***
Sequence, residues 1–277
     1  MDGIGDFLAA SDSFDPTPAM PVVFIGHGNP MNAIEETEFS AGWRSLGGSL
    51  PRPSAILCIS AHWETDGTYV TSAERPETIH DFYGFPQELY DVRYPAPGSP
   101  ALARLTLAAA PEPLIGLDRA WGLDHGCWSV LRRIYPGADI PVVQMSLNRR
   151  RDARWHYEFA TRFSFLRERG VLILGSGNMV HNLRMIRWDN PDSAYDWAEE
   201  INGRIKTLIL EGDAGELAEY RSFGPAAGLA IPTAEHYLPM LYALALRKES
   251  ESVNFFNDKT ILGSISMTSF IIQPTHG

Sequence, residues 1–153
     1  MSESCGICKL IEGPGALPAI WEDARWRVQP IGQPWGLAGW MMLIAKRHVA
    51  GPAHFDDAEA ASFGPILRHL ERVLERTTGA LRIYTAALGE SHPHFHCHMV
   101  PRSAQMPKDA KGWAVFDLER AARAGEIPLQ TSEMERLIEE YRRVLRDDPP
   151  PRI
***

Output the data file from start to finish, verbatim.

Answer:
Sequence, residues 1–277
     1  MDGIGDFLAA SDSFDPTPAM PVVFIGHGNP MNAIEETEFS AGWRSLGGSL
    51  PRPSAILCIS AHWETDGTYV TSAERPETIH DFYGFPQELY DVRYPAPGSP
   101  ALARLTLAAA PEPLIGLDRA WGLDHGCWSV LRRIYPGADI PVVQMSLNRR
   151  RDARWHYEFA TRFSFLRERG VLILGSGNMV HNLRMIRWDN PDSAYDWAEE
   201  INGRIKTLIL EGDAGELAEY RSFGPAAGLA IPTAEHYLPM LYALALRKES
   251  ESVNFFNDKT ILGSISMTSF IIQPTHG

Sequence, residues 1–153
     1  MSESCGICKL IEGPGALPAI WEDARWRVQP IGQPWGLAGW MMLIAKRHVA
    51  GPAHFDDAEA ASFGPILRHL ERVLERTTGA LRIYTAALGE SHPHFHCHMV
   101  PRSAQMPKDA KGWAVFDLER AARAGEIPLQ TSEMERLIEE YRRVLRDDPP
   151  PRI